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The New York City Jazz Record

Pianist Greg Burk spent his early jazz years working in
Detroit then was active in the jazz scene of Boston (he
was a member of Either/Orchestra on three of their
CDs) before relocating to Rome in 2004. His music is as
wide-ranging as his travels, from hardbop and
decidedly postbop to a ripely melodic romanticism
and a fondness for Bach.

Judging from the breadth of styles and approaches
evident on The Path Here, Burk is either a musical
chameleon or a protean jazz stylist conversant in a vast
swath of jazz history. Just take three of the trio tracks (3
of the 12 are solo, one from each trio member; another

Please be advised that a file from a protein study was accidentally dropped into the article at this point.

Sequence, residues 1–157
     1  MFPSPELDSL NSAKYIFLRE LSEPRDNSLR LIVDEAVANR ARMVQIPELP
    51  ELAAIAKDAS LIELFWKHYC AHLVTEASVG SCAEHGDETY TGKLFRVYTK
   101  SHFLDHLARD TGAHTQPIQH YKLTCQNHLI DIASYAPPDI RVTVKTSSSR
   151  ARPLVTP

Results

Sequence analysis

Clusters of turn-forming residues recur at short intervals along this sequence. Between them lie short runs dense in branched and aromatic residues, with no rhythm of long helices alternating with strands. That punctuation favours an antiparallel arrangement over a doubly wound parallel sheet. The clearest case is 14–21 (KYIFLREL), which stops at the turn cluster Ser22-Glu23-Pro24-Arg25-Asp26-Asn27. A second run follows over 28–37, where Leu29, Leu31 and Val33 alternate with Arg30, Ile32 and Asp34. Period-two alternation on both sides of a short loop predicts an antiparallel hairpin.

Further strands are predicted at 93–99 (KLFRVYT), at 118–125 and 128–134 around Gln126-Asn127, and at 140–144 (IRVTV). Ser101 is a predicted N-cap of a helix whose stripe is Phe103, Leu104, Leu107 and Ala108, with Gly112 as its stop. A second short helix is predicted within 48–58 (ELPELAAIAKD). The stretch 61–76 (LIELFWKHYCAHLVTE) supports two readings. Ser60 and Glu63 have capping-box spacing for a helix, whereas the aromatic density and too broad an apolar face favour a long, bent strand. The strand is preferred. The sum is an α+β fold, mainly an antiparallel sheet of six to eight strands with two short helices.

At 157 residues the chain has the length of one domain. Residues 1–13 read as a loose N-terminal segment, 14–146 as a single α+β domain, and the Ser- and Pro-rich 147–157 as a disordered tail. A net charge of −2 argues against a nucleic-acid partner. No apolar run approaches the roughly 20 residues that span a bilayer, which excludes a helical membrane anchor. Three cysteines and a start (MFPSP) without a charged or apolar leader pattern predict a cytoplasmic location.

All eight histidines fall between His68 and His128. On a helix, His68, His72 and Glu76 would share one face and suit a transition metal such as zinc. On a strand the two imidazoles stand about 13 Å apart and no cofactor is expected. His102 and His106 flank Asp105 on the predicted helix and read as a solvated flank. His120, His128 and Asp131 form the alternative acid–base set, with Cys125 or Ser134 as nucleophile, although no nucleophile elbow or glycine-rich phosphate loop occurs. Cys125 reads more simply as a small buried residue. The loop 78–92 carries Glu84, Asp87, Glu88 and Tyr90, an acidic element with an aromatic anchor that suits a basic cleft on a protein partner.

features toy instruments). “Song for IAIA”, the opener,
wouldn’t sound out of place on a Ramsey Lewis record,
so replete is it with fat, funky chords and locked-hand
passages in full-blown soul jazz style. Nothing in it
prepares you for Track 7, “BC”, at a super-fast tempo
with avant, prickly clusters and flurries caught up in
fleet whirlwinds of quickly stabbed notes. Then there’s
the penultimate track, “I Left My Gun in Detroit”, a
bluesy hard bop tune that Burk takes beyond the usual
conventions by pitting left hand against right in a
contrapuntal solo that never strays from the swinging
momentum.

A similar left-right duologue occurs on the partial
waltz “Look to the Asteroid” and the rumbling duet
with drummer Gerald Cleaver, and in his own two
hands, on “Forward Leaping”. Burk can also be
unabashedly romantic, as on “Lost Time - Tonos”,
rapturously cascading arpeggios accompanied by arco
bass from Jonathan Robinson throughout. There’s also
a foray into tango territory (“Serenity’s Distant Dawn”)
and the closing track, “Stars Shine Still”, is pristine
lyricism, solo piano allowing notes to sustain and ring
in overtones as they slowly follow one another.

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